From Durban To Tomorrow features five formidable voices from five different countries — Vuyiseka Dubula from Durban, Mouslihou Diallo from Guinea, Vanessa López from Spain, Péter Sárosi from Hungary and, of course, Meena Seshu from India — talking about their journeys in the united fight for human rights in health. In an environment where many gains have been lost due to societal negligence and a feeling of despondency lurks around, Gray believes the most important thing is to give the message that some people haven't given up.
"Many have lost hope in this battle because they have been beaten down, disrespected, discouraged and have been deprived of any social status... These five characters are among those and it is important to talk to people who have resolved to continue fighting and to hear them out — what their perspectives are, what their views are, what their sources of hope are," he explains and adds that one of the ideas of doing the film in this format was also to shoot in countries that generally are not discussed and at the same time create a sense of commonality between people in different parts of the world. He says it was important for the film to have a balanced representation of women, people of colour as they are primarily the ones affected by the issues in concern. "Even if they work for different issues, the struggles are very similar and the obstacles and adversaries are very similar in nature. We wanted to see where their journeys go when they have devoted their lives to these causes," he adds.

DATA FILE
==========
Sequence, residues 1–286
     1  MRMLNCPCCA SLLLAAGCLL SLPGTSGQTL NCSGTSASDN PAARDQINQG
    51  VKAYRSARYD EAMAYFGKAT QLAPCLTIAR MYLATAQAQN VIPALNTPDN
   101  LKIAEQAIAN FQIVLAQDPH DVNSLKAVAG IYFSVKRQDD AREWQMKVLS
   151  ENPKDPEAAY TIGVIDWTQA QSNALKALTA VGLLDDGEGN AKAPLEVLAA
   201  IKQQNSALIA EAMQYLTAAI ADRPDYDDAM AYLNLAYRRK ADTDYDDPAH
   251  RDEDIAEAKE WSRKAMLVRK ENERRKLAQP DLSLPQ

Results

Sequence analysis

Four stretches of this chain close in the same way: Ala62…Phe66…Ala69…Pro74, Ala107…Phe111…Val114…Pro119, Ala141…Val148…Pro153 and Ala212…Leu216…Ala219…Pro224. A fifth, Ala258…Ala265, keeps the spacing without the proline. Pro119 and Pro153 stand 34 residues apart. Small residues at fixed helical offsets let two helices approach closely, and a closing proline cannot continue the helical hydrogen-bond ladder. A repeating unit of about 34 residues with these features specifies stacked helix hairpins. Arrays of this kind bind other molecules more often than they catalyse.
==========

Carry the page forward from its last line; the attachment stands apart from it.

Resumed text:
Meena Seshu is of the opinion that Gray's film brings across the up and the down of the AIDS epidemic and the response to it. "When HIV hit us, both the government and the society didn’t know what to do. Then slowly they started creating money and resources to respond to that epidemic. But unfortunately, now we are that low where the state doesn’t think HIV epidemic is worth a fight. There’s a lot of despondency around that, I think, we all are responding to in various parts of the world in our own ways," she says.